N-acetylcysteine is a precursor of an amino acid (L-cysteine), which is itself a component of an antioxidant. It may help protect against oxidative stress by maintaining or increasing antioxidant levels in the body. Some clinical trials testing formulations that included N-acetylcysteine have found modest improvements in cognitive function, but clinical trials testing it alone have shown less robust results. N-acetylcysteine supplements are generally regarded as safe when taken at recommended doses.
No randomized controlled trials have examined whether N-acetylcysteine alone can prevent cognitive decline or dementia, though some evidence exists for combination therapies.
Our search identified:
• 8 randomized controlled trials (3 testing cognitive function, 2 in Alzheimer's patients, 1 in patients with mild cognitive impairment, 1 in Parkinson's disease patients, and 1 in schizophrenia patients)
• Numerous preclinical studies
No studies have examined prevention of cognitive decline or dementia in humans with N-acetylcysteine alone. In a clinical trial of people with mild cognitive impairment, daily consumption of a nutraceutical formulation containing 600 mg of N-acetylcysteine (along with folate, alpha-tocopherol, vitamin B12, S-adenosyl methionine, and acetyl-L-carnitine) for 6 months was associated with improvement in dementia rating scale and executive function . However, no direct comparisons were made between the nutraceutical treatment group and the placebo group, making the results inconclusive. Another clinical trial using the same nutraceutical formulation for three months did find that it was associated with improved verbal learning compared to the placebo group . And both the placebo and nutraceutical groups improved further during a three-month extension during which everyone received the formulation.
However, studies testing the effects of N-acetylcysteine alone found only limited evidence for cognitive protection . (These studies were conducted in patients with schizophrenia or bipolar disorder.)
A clinical trial in Alzheimer's patients found that a nutraceutical formulation containing N-acetylcysteine resulted in significant improvements in some cognitive functions compared to the placebo group . However, a clinical trial testing it alone showed less robust effects. The patients receiving N-acetylcysteine performed better than the placebo group on a letter fluency task but not on other cognitive tests .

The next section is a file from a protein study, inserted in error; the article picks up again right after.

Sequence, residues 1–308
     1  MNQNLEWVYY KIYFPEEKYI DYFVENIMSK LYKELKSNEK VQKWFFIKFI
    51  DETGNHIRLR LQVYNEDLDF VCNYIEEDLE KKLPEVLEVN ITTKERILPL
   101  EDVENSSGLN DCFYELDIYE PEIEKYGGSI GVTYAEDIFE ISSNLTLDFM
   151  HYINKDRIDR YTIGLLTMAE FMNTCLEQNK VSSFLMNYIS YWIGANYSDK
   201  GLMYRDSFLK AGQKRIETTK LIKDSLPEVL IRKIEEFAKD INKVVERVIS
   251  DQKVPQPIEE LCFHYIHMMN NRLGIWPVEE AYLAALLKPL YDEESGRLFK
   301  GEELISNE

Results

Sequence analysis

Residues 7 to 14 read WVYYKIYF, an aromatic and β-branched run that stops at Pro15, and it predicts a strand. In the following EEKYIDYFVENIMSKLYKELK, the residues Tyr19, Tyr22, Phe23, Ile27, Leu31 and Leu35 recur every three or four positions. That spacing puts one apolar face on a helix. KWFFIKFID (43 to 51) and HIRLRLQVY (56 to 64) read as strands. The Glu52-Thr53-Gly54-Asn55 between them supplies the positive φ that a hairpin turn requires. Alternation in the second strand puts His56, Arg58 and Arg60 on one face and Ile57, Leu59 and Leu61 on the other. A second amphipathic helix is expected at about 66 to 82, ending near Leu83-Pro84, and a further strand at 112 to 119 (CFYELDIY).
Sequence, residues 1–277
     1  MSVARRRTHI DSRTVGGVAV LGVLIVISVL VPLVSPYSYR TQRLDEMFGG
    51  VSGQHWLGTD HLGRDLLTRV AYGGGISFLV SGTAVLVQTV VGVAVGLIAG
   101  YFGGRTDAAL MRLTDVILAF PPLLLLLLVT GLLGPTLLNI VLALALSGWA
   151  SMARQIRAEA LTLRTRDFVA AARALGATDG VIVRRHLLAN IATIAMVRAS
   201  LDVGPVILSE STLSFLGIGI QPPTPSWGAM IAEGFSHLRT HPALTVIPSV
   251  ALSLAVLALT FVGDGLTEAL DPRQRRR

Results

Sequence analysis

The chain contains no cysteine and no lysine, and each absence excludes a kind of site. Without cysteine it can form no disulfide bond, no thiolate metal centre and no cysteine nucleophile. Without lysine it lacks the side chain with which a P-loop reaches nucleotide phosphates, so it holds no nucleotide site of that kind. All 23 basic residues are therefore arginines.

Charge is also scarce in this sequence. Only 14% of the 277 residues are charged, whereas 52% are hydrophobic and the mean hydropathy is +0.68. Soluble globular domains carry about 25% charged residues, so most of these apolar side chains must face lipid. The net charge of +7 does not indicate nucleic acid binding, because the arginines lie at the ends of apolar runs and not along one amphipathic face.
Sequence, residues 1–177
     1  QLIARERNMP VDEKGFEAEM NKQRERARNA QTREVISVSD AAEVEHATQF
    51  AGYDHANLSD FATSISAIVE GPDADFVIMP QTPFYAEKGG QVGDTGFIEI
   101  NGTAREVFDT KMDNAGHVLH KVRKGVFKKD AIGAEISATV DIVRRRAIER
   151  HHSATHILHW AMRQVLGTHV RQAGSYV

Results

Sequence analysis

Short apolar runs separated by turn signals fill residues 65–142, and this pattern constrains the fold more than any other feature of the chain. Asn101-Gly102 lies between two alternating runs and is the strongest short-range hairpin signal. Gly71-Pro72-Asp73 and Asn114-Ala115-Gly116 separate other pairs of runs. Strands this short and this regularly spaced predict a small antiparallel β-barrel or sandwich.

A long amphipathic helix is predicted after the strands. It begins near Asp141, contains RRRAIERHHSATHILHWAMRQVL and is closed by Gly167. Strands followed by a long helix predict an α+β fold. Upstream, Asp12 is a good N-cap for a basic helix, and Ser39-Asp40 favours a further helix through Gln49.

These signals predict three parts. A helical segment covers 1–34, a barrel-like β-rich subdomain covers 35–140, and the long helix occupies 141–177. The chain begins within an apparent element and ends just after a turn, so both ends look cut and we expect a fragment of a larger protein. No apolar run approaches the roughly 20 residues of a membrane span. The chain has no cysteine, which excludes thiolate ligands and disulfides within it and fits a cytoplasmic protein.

N-acetylcysteine supplements are generally regarded as safe for most adults when taken at standard doses. The nutraceutical formulation used in older people and those with mild cognitive impairment was well-tolerated and no serious side effects were reported for any of the 300+ participants . N-acetylcysteine should not be administered with nitroglycerin, as the combination can cause severe hypotension  and headache . N-acetylcysteine interacts with inhaled insulin (Afrezza™, Exubera™) and may affect the absorption of insulin into the blood stream .
NOTE: This is not a comprehensive safety evaluation or complete list of potentially harmful drug interactions. It is important to discuss safety issues with your physician before taking any new supplement or medication.
N-acetylcysteine is available as a dietary supplement typically containing 600 mg per capsule. A nutraceutical formulation that showed some cognitive benefits in people with mild cognitive impairment or Alzheimer's disease contained 600 mg of N-acetylcysteine, along with other compounds (i.e., folate, alpha-tocopherol, S-adenosyl methionine, acetyl-L-carnitine) .
Information including possible side effects of N-acetylcysteine at Drugs.com
Quality Control of Sources: United States Pharmacopeial Convention (USP) and FDA Information on Dietary Supplements offer information on the quality of specific supplements and can assist in finding a trusted brand.
The ADDF's evaluation of N-acetylcysteine in The Journal of Prevention of Alzheimer's Disease.